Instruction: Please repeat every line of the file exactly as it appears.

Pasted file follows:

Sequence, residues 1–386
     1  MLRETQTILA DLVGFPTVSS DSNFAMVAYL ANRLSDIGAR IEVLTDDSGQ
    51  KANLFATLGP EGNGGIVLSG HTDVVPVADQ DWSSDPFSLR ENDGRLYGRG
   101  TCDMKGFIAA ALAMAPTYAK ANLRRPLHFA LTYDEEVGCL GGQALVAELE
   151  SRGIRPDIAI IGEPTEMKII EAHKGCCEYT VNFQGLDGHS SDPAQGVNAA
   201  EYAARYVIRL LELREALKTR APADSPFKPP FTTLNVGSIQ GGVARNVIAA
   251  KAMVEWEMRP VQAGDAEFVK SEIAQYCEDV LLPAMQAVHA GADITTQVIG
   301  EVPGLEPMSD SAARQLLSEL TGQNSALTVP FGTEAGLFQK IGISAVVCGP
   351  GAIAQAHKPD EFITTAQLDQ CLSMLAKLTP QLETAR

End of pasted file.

Sequence, residues 1–386
     1  MLRETQTILA DLVGFPTVSS DSNFAMVAYL ANRLSDIGAR IEVLTDDSGQ
    51  KANLFATLGP EGNGGIVLSG HTDVVPVADQ DWSSDPFSLR ENDGRLYGRG
   101  TCDMKGFIAA ALAMAPTYAK ANLRRPLHFA LTYDEEVGCL GGQALVAELE
   151  SRGIRPDIAI IGEPTEMKII EAHKGCCEYT VNFQGLDGHS SDPAQGVNAA
   201  EYAARYVIRL LELREALKTR APADSPFKPP FTTLNVGSIQ GGVARNVIAA
   251  KAMVEWEMRP VQAGDAEFVK SEIAQYCEDV LLPAMQAVHA GADITTQVIG
   301  EVPGLEPMSD SAARQLLSEL TGQNSALTVP FGTEAGLFQK IGISAVVCGP
   351  GAIAQAHKPD EFITTAQLDQ CLSMLAKLTP QLETAR